As to the amount of her money that Russell actually had on deposit when the $1,200 loan was made, appellant did not know how much more than $1,200 it was; that up until May 1946 he rendered reports to her. In that month the report showed, she stated, he had about $1,400 on hand for her credit; and then, she said, it was not in cash, it was $1,400 outstanding, due on other accounts, she did not have a statement on that now but she could make it up. Later, she testified that over $1,400 had been there for two years, which he had not invested for her, was holding for a two-year period. From papers in her possession, she testified that the money he had on hand to her credit was $3,150, in May and also on July 7, 1946, made up of various sums which he had collected and not paid over to her. These included collections of $350, $193, and $314, made in 1942, 1943, and 1944, which he never reported to her, one of which he effected through the medium of a forged substitution of trustees which she learned about after his death; another collection of $350 in 1942; one of $407 in 1944, in connection with which she stated he forged a substitution of trustee; and collections of $1,320, $214, $106, and $232, the dates of which do not clearly appear.

When asked what money, on any of those accounts, Russell actually collected in June of 1946, appellant replied that all of this came to light after he passed away; in January (1947) he was supposed to clear all of this up, and get it all cleared, so she could not have any more business like this; when he passed away she had to go into it very thoroughly; she contacted all these people and found they had paid him different amounts of money that he made no record to her of, and altogether her loss on all those properties stands well over $3,000.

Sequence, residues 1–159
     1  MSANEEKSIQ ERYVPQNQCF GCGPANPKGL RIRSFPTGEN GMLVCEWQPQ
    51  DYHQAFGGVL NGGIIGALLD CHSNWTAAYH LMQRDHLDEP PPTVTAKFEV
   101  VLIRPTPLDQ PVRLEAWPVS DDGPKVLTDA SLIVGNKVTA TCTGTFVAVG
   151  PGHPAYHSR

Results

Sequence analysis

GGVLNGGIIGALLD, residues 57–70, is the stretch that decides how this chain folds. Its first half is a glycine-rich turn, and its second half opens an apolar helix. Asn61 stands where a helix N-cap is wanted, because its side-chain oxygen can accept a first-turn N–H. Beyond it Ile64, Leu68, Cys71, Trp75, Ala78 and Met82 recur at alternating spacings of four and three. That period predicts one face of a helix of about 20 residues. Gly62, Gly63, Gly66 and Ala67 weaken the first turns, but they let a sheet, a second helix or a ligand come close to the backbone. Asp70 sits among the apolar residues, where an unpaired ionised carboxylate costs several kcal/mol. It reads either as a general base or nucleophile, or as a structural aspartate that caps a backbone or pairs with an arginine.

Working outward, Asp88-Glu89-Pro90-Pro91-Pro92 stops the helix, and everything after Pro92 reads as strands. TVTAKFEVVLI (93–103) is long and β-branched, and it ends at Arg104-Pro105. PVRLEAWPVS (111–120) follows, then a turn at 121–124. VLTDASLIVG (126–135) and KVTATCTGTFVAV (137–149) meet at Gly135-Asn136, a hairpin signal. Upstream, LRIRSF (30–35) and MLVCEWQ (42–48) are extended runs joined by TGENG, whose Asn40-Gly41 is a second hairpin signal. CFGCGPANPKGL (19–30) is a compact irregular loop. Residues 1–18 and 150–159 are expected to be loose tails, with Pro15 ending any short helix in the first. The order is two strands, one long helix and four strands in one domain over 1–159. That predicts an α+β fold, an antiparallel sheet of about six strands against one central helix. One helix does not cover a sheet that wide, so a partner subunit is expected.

Yet, in another part of her testimony appellant said that just prior to the making of this $1,200 loan she had a conversation with Russell as to the amount of her money he had on hand in his possession at that time; that he said he had over $3,150. In response to a question whether she then discussed with him the source of those funds, from whom he collected them, and as to the various accounts, she replied: ‘The accounts that I have listed, that he gave the itemized list of moneys due of the amount he had on credit in his office’; that she discussed those accounts with him and the various payments he had received. These are the very accounts substantial items of which she had earlier testified were unknown to her until after his death.